fresón

English translation: big/large strawberry

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GLOSSARY ENTRY (DERIVED FROM QUESTION BELOW)
Spanish term or phrase:fresón
English translation:big/large strawberry
Entered by: Eileen Brophy
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12:32 Jun 23, 2018
Spanish to English translations [PRO]
Marketing - Food & Drink / agriculture
Spanish term or phrase: fresón
When I look online I only find "strawberry" for both "fresa" and "fresón."
Is there a specific name to distinguish the "fresón" from the smaller "fresa"
in English?

Thank you for any help
Eileen Brophy
Spain
Local time: 05:48
large strawberry
Explanation:
This is all you can do, in my opinion. "Fresa" and "fresón" is the same fruit and the only difference is size. Well, also flavour: an honest translation would be "fresa: small, tasty strawberries" and "fresón: large, bland strawberries", but the client might not appreciate that. In theory "fresas" are sometimes supposed to be wild strawberries, but that's very unlikely to be the case here and I don't think you should put that for "fresa"; they're almost certainly cultivated too.

Depending on the format you will probably want to put either "large strawberries" or "strawberries (large)".

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Note added at 3 hrs (2018-06-23 16:31:45 GMT)
--------------------------------------------------

Hi Eileen. To me, "jumbo" makes it sound as though they're really huge. I think in Europe we'd probably go for something more descriptive. Fresones are not always very big, after all. Although I don't think there's an official size limit distinguishing "fresa" from "fresón", four sizes are recognised: pequeña (<25 mm), mediana, grande and extragrande (>40 mm) ( http://www.infoagro.com/documentos/el_cultivo_fresa.asp ), and from what I've just read here: http://www.juntadeandalucia.es/agriculturaypesca/observatori... it seems European consumers don't actually want them huge. So I wouldn't use "jumbo".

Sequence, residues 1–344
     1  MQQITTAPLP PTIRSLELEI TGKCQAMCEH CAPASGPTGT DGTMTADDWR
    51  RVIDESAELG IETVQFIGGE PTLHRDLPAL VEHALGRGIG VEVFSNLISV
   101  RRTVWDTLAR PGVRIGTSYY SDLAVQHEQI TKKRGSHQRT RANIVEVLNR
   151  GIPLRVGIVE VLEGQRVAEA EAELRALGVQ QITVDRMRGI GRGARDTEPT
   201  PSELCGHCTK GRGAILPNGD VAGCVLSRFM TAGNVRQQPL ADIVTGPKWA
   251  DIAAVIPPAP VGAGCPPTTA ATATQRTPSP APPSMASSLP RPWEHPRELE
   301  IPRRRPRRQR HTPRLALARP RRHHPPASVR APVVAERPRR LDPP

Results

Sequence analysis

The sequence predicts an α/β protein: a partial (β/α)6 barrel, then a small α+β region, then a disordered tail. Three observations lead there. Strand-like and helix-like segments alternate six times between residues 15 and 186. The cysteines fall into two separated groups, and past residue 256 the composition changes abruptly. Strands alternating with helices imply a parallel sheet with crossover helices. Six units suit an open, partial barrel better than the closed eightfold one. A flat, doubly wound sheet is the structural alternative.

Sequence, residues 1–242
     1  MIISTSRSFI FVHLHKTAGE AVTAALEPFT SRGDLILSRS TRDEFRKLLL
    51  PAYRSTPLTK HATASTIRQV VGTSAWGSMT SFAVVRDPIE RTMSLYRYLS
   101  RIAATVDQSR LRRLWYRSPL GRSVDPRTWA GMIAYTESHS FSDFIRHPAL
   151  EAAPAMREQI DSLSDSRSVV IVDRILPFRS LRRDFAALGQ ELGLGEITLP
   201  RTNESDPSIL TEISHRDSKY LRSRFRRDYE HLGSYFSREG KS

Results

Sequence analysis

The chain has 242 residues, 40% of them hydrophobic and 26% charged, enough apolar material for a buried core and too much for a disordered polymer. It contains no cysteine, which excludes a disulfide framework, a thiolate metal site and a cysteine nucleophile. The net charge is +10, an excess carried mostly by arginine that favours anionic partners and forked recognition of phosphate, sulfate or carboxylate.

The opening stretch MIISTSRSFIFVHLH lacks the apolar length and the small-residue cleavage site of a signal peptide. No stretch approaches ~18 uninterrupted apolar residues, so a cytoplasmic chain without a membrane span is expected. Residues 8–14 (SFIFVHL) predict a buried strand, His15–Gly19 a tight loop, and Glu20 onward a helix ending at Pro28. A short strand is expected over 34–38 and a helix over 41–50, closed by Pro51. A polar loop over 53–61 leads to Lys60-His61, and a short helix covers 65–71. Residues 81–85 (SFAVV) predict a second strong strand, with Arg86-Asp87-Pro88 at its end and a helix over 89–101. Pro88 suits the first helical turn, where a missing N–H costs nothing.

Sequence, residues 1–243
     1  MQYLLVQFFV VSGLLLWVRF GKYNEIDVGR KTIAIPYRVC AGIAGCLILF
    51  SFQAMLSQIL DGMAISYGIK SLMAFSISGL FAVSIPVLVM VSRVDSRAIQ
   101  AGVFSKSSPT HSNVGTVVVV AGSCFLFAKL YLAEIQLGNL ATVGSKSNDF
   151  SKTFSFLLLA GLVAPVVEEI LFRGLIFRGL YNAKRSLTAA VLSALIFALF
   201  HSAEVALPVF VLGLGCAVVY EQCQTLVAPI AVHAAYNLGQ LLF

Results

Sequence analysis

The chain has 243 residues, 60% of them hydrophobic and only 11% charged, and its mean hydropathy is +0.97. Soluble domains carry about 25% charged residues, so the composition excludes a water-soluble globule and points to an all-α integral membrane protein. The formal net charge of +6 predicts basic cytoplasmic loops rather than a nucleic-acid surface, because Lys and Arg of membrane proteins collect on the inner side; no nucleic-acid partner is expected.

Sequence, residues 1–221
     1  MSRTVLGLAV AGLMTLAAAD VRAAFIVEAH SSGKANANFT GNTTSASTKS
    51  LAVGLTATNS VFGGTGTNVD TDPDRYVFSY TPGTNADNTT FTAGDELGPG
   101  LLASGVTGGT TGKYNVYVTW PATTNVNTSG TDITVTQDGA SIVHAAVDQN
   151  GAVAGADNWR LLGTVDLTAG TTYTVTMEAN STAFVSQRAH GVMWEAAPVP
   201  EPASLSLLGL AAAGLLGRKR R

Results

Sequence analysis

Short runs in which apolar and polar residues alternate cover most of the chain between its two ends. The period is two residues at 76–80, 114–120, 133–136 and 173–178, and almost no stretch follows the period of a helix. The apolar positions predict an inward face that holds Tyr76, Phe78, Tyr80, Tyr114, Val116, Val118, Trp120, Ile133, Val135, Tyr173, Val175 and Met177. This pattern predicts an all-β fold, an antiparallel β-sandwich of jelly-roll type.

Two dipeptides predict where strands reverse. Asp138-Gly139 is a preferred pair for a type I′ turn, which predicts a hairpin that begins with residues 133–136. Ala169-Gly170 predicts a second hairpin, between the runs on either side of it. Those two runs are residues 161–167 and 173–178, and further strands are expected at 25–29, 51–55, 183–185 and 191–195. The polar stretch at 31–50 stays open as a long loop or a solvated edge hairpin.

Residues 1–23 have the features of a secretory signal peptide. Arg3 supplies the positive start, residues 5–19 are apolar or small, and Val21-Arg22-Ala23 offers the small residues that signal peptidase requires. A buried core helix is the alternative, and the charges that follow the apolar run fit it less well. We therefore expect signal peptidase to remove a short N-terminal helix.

Selected response from:

Charles Davis
Spain
Local time: 05:48
Grading comment
As I commented Charles, I have used "Big" rather than "Large" in this context. Thank you very much for your help
4 KudoZ points were awarded for this answer



Summary of answers provided
4 +4large strawberry
Charles Davis


  

Answers


32 mins   confidence: Answerer confidence 4/5Answerer confidence 4/5 peer agreement (net): +4
large strawberry


Explanation:
This is all you can do, in my opinion. "Fresa" and "fresón" is the same fruit and the only difference is size. Well, also flavour: an honest translation would be "fresa: small, tasty strawberries" and "fresón: large, bland strawberries", but the client might not appreciate that. In theory "fresas" are sometimes supposed to be wild strawberries, but that's very unlikely to be the case here and I don't think you should put that for "fresa"; they're almost certainly cultivated too.

Depending on the format you will probably want to put either "large strawberries" or "strawberries (large)".

--------------------------------------------------
Note added at 3 hrs (2018-06-23 16:31:45 GMT)
--------------------------------------------------

Hi Eileen. To me, "jumbo" makes it sound as though they're really huge. I think in Europe we'd probably go for something more descriptive. Fresones are not always very big, after all. Although I don't think there's an official size limit distinguishing "fresa" from "fresón", four sizes are recognised: pequeña (<25 mm), mediana, grande and extragrande (>40 mm) ( http://www.infoagro.com/documentos/el_cultivo_fresa.asp ), and from what I've just read here: http://www.juntadeandalucia.es/agriculturaypesca/observatori... it seems European consumers don't actually want them huge. So I wouldn't use "jumbo".

Charles Davis
Spain
Local time: 05:48
Does not meet criteria
Native speaker of: Native in EnglishEnglish
PRO pts in category: 95
Grading comment
As I commented Charles, I have used "Big" rather than "Large" in this context. Thank you very much for your help
Notes to answerer
Asker: Charles, I found Jumbo strawberries on a US website, but I don't know if that would be accepted in European countries...

Asker: No, Charles, after reading that they are the fruit that contain most herbicide I don't buy them either. I will go for big then, thanks.


Peer comments on this answer (and responses from the answerer)
agree  Marie Wilson: Yes, and I live in the middle of strawberry paradise. // Would be delightful if not for the chemical warfare.
36 mins
  -> Ah yes, of course! Thanks, Marie :-) // I hadn't thought of that. Sounds a bit offputting!

agree  neilmac: Big but usually tasteless strawbs...
1 day 51 mins
  -> Hear, hear! Small is beautiful ;-)

agree  Mónica Hanlan
1 day 23 hrs
  -> Thanks, Mónica :-)

agree  Helena Chavarria: It's a bit like 'banana' and 'plátano'. Britons tend to think that they're different words for the same fruit.
4 days
  -> Thanks, Helena :-) They don't know what they're missing; "plátanos" are much better!
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